Tamiko Beyer: Women Authoring Change

By Hedgebrook Staff

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Categories: Women Authoring Change,

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Tamiko Beyer
Tamiko Beyer is a writer and a Hedgebrook alumna. We asked her about her work and about being a Woman Authoring Change.

 

Tell us about your work as a writer—do you write in multiple genres/forms?

I write poetry, and I write for work.

I think my poetry occupies the space of queer::eco::poetics, which I’ve written about here. I like to experiment with form, and I’ve found that I keep returning to the haibun. It’s both a comfortable and challenging form to inhabit.

At work, I write and edit all different kinds of communications materials. I think a lot about building power with language, and how social justice movements need clear, powerful communications to move people and create change.

 

Do you consider yourself an activist?

I am committed to changing the conditions of the world. I am committed to fighting for justice: racial, economic, climate, and more. I am deeply invested in being queer as a way to confront, oppose, and challenge to the status quo.

 

Would you characterize your writing as activist? Why or why not?

I don’t really know how to answer this question right now. In my twenties, I would have said yes. Today, I’m not sure how to define activist writing.

What I know is, I want to my writing to create shifts.

I want my poetry to shift the way people perceive the world, others, nature, themselves. I want my poetry to disorient readers, and then ground them in new truths they discover: new ways of being and thinking. I want my poetry to disturb as well as delight.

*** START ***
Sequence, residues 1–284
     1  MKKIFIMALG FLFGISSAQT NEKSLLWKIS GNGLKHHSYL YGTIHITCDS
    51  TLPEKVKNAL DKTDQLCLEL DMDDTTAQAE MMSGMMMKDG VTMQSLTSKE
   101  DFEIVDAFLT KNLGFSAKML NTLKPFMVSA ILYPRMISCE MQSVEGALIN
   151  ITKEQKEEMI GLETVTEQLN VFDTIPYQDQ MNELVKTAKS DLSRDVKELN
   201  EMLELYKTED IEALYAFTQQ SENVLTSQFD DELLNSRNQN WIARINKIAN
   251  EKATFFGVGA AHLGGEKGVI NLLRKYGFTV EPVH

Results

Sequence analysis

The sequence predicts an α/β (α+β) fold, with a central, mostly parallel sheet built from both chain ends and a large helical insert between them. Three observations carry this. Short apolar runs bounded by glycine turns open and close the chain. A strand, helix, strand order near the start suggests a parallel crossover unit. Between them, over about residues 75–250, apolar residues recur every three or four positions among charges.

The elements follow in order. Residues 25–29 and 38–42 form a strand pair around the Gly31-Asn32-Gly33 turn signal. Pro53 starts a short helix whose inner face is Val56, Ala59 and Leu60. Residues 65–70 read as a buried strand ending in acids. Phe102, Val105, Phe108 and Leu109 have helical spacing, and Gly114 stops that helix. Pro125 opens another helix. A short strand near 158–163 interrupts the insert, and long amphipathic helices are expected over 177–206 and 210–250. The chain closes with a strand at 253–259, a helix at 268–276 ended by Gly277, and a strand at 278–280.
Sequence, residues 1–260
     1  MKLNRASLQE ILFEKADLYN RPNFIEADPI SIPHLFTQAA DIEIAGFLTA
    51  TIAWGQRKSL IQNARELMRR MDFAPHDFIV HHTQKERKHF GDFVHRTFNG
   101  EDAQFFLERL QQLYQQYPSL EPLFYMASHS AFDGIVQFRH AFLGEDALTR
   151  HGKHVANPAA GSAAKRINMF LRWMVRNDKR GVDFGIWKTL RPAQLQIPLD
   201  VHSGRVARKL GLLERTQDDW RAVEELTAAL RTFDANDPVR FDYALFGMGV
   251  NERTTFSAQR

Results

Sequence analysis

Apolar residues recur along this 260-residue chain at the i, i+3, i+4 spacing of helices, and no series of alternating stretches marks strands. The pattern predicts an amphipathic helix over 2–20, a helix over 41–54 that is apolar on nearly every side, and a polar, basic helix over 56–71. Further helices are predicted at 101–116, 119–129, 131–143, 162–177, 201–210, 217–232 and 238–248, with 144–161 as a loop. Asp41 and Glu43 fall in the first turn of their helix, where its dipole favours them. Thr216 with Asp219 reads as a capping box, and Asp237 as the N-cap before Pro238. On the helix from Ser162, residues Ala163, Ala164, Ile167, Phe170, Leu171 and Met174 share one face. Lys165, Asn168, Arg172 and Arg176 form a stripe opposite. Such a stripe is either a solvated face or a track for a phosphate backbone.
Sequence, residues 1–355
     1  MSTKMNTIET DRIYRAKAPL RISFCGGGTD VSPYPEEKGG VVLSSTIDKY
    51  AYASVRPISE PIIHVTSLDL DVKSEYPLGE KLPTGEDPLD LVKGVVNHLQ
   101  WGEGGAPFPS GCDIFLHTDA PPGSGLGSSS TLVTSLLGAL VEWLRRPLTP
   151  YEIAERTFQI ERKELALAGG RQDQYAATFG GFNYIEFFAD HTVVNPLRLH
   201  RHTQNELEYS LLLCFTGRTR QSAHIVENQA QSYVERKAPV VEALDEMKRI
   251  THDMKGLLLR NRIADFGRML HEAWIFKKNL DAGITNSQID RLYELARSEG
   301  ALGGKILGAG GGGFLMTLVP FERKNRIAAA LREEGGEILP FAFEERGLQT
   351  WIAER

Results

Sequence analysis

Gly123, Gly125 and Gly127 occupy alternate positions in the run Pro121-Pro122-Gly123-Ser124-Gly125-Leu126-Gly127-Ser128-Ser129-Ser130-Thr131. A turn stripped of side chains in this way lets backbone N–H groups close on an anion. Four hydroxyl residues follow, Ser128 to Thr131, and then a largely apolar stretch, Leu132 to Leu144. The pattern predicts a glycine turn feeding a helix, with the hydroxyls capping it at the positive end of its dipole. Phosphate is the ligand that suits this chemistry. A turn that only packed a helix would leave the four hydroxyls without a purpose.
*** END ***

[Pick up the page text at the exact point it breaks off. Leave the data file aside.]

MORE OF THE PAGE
What impact do you hope your writing will have in the world?

Whatever impact my poetry will have in the world will be subtle and untraceable, I think. I hope it changes my readers in good ways, so they see the world a little differently and perhaps act a little differently – with more compassion, with more honesty, with more determination to right the wrongs of this world.

I hope the impact of the writing I do for work is huge. I hope it moves people to action—to see themselves as part of a movement demanding change, to speak truth to power, to give their time and money to work that is deeply transformative.

 

What’s the best feedback you’ve received from a reader/audience member?

So many people have been generous, smart, and kind in their responses to my work. Most recently, I really liked what the editors of the “Queering Nature” issue of the Fourth River wrote in their introduction: “Tamiko Beyer asks us to make our queer revolution intersect with concerns beyond our capitalist identities: guns and oil, the ways in which our queer love can break systems.”

 

About Tamiko Beyer:

Tamiko Beyer is the author of We Come Elemental (Alice James Books, 2013) and bough breaks (Meritage Press, 2011). Her poems have been published in The Volta, Tupelo Quarterly, Quarterly West, and elsewhere. She is the Deputy Communication Director at Corporate Accountability International. Find her online at tamikobeyer.com.

 

 


 

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Hedgebrook supports visionary women writers whose stories and ideas shape our culture now and for generations to come. The opinions expressed here are not necessarily representative of the opinions of Hedgebrook, its staff or board members.

 

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